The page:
THE BLOG
10/02/2014 05:48 pm ET Updated Dec 06, 2017

Algal Blooms Threaten Public Health, Great Lakes Mayors Fight Back

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Chicago Mayor Rahm Emanuel speaks at a press conference during the Summit on Drinking Water Protection at Shedd Aquarium in Chicago.

No city can stand alone against Great Lakes water quality issues. This became clear when in August an algal bloom off the coast of Toledo introduced a toxin, called Microcystis, into the city's water supply causing a two-day drinking water ban, sending shockwaves through cities reliant on the Great Lakes basin.

In response, last week Chicago Mayor Rahm Emanuel convened mayors from four states and two Canadian provinces, connected by the Great Lakes and St. Lawrence River, for a Summit on Drinking Water Protection. Shedd Aquarium hosted the summit focused on discussions around phosphorus pollution, algal blooms and the complex set of regulations and legal frameworks that govern water quality protection on our lakes.

Concerns about drinking water pollution were forefront on the agenda, because the Toledo incident demonstrated that we are not adequately prepared to respond to toxic contamination. There are no response protocols, no strategies for remediation and not even an agreed-upon method of detecting the presence of the toxin in effect. These are key gaps which Mayor Emanuel said he hopes will be addressed through the partnerships formed at the summit.

The Impact of Algae
Worries about phosphorus pollution in the Great Lakes hit a fever pitch in the 1960s when runoff from detergents, urban sewage and agriculture loaded the lakes with nutrients, causing blue-green algae to bloom out of control in Lake Erie and parts of Lake Michigan. Governments and citizens responded, and through implementation of the Great Lakes Water Quality Agreement in the 1970s and 80s, algal blooms declined by nearly 90 percent.

Now the algal blooms are back. So, what happened? It's a complex problem with no easy answer. Growth of population, industry and agriculture has boosted nutrient pollution just as the changes from the Water Quality Agreement have reduced it. Throw in the effect of invasive species and degradation of the aquatic habitats which act as a natural buffer for nutrient loading, and the blooms are back and bigger than ever.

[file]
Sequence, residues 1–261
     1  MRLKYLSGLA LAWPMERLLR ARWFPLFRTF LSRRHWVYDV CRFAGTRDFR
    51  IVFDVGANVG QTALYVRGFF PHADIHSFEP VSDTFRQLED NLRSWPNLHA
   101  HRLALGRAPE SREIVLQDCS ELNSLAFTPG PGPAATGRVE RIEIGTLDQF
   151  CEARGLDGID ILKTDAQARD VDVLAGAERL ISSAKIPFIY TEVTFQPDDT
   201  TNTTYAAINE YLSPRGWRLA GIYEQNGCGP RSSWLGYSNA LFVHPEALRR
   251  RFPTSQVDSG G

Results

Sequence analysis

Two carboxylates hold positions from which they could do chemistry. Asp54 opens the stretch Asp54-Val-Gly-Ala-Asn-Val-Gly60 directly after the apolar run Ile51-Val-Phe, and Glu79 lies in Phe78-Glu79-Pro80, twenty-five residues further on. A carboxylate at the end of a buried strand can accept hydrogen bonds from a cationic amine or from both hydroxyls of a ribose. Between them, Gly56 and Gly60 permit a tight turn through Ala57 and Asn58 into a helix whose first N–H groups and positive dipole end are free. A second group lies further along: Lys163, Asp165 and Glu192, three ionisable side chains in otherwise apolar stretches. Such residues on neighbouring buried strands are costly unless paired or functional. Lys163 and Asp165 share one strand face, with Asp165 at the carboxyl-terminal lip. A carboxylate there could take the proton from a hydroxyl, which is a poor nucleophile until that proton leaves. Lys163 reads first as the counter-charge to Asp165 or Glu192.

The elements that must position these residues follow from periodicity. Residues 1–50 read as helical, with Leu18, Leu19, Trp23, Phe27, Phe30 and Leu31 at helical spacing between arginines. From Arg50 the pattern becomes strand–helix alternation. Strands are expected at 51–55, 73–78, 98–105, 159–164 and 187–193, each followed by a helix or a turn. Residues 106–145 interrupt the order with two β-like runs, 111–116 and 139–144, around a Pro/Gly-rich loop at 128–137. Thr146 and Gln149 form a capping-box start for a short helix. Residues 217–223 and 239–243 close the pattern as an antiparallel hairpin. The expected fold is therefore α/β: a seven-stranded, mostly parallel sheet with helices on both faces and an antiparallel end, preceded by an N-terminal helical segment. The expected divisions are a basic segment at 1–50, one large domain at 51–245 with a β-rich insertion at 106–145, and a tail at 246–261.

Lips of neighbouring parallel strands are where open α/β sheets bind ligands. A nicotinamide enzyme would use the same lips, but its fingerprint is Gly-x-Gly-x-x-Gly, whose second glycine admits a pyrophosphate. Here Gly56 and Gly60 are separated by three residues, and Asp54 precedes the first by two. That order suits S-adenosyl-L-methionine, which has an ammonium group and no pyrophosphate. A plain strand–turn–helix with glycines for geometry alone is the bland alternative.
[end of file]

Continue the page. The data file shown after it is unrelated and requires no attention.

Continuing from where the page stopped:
Fighting Back the Blooms
To solve a problem this big, we need a comprehensive solution that involves all of the important players. The new Great Lakes Restoration Initiative Action Plan, released by the Obama Administration and the U.S. Environmental Protection Agency in conjunction with the meeting, was designed to do just that.

The five year strategy lays out critical steps for protecting water quality, managing invasive species and restoring habitat.

Most importantly, the Action Plan recognizes that protecting and restoring natural habitats is just as critical as changing human behavior. It's an approach that our Shedd field researchers and citizen scientists know well. Through fieldwork, research and volunteer activities, we will help contribute to a fuller understanding of how this vast system can be conserved and protected for future generations.

Cities have the potential to be innovators in reducing phosphorus pollution and responding to threats to Great Lakes water quality, and after last week's Summit, mayors of the Great Lakes and St. Lawrence are ready to take up the charge.

To learn more about Great Lakes habitats and what you can do to conserve them, visit www.sheddaquarium.org/GreatLakes.